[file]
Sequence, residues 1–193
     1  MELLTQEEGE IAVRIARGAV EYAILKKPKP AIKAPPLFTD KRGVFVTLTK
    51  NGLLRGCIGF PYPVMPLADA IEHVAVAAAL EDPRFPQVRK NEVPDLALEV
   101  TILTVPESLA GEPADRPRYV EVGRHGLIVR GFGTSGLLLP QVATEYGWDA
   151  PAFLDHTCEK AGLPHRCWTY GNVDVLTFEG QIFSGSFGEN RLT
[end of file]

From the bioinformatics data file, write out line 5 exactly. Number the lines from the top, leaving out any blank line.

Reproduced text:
   151  PAFLDHTCEK AGLPHRCWTY GNVDVLTFEG QIFSGSFGEN RLT